Donald Trump Will be Faced With an Economic Recession by End of 2020, Majority of Business Economists Say

The majority of business economists in the United States expect a recession to begin by the end of 2020, around the time of the next presidential election, according to a recent poll of 51 forecasters by the National Association for Business Economics. A plurality of economists said the recession will be triggered by trade policy.

About 10 percent of the economists surveyed believe a recession will begin next year in 2019, while 56 percent believe it will start in 2020. Another 36 percent said they don't expect a serious economic decline until at least 2021.

"Trade issues are clearly influencing panelists' views," David Altig, Federal Reserve Bank of Atlanta research director and NABE's survey chair, said in a statement.

President Donald Trump has taken on the task of rewriting major trade policy with Europe, Asia, Mexico and Canada. The changes have led to a series of escalating trade wars with countries like China.

On Monday, the president announced that he would replace NAFTA with a new trade agreement between Canada, the U.S. and Mexico, known as the USMCA. That agreement could clear the way to up the ante in his ongoing fight with China.

"Several months ago the U.S. had a multi-pronged attack on its trading partners," Dec Mullarkey, managing director for Sun Life Investment Management which oversees $47 billion in assets, told Bloomberg. "Now the U.S. can zero in on China."

The U.S. has imposed three rounds of tariffs on China so far, totaling $250 billion worth of goods. China retaliated recently with tariffs on $60 billion of U.S. goods. President Trump indicated Monday that another round may be coming soon.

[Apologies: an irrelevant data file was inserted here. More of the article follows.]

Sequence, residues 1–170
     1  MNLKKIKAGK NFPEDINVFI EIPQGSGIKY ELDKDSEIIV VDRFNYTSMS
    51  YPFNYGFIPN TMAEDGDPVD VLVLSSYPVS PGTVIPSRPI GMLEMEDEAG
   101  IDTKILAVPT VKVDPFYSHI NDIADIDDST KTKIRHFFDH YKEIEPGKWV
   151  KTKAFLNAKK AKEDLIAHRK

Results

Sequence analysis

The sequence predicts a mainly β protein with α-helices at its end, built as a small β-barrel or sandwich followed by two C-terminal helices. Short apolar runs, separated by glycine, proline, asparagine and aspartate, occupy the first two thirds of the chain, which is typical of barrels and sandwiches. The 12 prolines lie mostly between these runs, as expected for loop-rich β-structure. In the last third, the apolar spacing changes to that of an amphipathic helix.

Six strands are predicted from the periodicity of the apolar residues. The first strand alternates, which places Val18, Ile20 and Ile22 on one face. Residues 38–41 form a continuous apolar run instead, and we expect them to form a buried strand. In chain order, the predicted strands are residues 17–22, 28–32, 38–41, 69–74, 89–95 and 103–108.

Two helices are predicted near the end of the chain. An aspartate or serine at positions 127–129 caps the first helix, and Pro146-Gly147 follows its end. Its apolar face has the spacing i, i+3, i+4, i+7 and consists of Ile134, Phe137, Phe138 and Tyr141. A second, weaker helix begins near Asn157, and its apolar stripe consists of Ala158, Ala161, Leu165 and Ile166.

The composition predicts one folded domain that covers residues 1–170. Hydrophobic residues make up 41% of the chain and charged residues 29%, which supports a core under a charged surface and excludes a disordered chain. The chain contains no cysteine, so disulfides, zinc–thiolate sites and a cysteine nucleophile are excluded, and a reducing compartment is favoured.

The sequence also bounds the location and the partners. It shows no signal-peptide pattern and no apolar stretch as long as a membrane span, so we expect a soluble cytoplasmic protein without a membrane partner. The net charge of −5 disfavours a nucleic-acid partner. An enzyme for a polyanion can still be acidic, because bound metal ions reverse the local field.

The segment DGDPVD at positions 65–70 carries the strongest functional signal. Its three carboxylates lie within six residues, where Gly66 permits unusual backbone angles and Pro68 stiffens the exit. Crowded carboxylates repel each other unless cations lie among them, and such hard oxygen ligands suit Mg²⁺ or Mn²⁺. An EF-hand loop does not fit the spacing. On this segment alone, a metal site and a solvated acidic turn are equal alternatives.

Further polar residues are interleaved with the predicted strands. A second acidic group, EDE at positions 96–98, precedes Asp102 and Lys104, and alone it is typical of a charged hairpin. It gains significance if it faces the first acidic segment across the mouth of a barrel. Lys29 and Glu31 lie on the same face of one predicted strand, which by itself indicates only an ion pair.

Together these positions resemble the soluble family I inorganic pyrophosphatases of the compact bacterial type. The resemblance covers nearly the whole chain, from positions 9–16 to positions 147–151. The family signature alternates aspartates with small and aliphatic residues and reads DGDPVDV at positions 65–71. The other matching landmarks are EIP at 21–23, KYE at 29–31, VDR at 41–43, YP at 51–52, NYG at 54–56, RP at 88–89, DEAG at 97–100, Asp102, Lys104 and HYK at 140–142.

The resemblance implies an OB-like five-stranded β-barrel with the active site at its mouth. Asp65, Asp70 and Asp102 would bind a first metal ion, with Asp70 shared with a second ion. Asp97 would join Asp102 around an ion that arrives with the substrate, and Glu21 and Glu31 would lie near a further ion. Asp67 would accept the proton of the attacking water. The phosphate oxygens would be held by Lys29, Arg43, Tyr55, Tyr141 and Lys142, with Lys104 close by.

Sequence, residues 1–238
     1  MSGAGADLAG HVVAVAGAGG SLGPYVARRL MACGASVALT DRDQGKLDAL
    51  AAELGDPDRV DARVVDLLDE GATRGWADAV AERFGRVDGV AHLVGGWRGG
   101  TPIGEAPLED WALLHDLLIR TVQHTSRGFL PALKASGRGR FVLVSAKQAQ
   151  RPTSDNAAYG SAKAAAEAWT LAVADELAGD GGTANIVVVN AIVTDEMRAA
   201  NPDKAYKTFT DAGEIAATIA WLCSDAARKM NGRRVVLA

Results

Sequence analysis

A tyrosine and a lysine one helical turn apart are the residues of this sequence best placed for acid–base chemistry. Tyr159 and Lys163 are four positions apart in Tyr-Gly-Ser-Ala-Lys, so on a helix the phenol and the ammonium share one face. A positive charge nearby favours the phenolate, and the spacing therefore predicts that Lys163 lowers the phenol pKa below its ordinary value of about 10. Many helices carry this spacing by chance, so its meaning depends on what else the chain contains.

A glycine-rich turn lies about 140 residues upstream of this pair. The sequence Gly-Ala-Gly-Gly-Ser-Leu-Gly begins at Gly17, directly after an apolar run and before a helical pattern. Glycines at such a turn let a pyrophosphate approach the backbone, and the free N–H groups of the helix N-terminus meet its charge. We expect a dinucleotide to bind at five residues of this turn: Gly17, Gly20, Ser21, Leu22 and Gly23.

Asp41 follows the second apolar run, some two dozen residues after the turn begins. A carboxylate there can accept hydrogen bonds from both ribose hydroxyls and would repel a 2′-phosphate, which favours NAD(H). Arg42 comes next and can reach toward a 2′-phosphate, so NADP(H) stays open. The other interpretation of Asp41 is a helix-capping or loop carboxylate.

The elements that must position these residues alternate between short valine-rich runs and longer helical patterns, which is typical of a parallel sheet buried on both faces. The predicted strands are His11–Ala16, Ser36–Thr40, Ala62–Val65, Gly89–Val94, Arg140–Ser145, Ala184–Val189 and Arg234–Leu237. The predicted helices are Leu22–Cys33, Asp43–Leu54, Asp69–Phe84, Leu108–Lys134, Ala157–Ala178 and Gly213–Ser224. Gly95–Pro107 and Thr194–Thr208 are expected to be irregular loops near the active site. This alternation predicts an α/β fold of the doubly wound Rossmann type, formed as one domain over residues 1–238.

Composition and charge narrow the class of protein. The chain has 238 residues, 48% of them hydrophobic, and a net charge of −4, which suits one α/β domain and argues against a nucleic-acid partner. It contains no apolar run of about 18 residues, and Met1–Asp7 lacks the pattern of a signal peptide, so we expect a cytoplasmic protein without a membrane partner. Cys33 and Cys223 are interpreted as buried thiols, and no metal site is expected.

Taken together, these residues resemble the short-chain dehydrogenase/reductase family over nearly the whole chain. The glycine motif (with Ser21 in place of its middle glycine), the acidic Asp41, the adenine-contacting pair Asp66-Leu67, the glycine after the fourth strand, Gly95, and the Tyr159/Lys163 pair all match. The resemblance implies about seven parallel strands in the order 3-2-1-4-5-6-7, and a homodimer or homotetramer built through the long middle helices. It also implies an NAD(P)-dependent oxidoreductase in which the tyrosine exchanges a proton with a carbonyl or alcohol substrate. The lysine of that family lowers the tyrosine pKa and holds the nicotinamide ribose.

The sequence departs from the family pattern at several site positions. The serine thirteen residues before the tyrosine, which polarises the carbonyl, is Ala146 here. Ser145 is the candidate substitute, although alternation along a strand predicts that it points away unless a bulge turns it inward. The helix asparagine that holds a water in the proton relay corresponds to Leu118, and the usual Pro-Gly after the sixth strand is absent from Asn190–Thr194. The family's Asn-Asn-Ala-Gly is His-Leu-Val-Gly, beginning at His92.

Trump also said on Monday that he wasn't willing to discuss negotiations with China yet. "It's too early to talk with China," he said from the White House Rose Garden. "[We] Can't talk now, because they're not ready, because they've been ripping us for so many years. It doesn't happen that quickly."

But David Wessel, director of The Hutchins Center on Fiscal and Monetary Policy and senior fellow at the Brookings Institute, has argued that the Trump administration's policy towards China could lead to devastating economic impacts and even physical war. "We know from history that when a rising economic power challenges a hegemon like the United States, economic, political, diplomatic, even military conflicts are likely and can escalate rapidly, sometimes by miscalculation," he wrote in an August analysis for Brookings.

The effects of trade wars are felt beyond imports and exports, said Wessel. Eventually they hurt the stock market. "Say stock market investors decide one day that all this is going badly. Sentiment shifts abruptly; stocks plunge," he wrote.

Trump has long listed the thriving economy as his crowning presidential achievement. "Our economy is booming like never before. Jobless claims are at a 50-year low. The stock market is at an all-time high. Think of that—over 50 percent since my election," he said Monday. A recession before the election in 2020 would serve as a big blow to the president's reelection campaign.

The U.S. is currently in its second longest economic expansion, and economists are positive that the growth will extend to at least next year. With no signs of an imminent downturn, the Federal Reserve just upgraded its growth outlook for the next two years.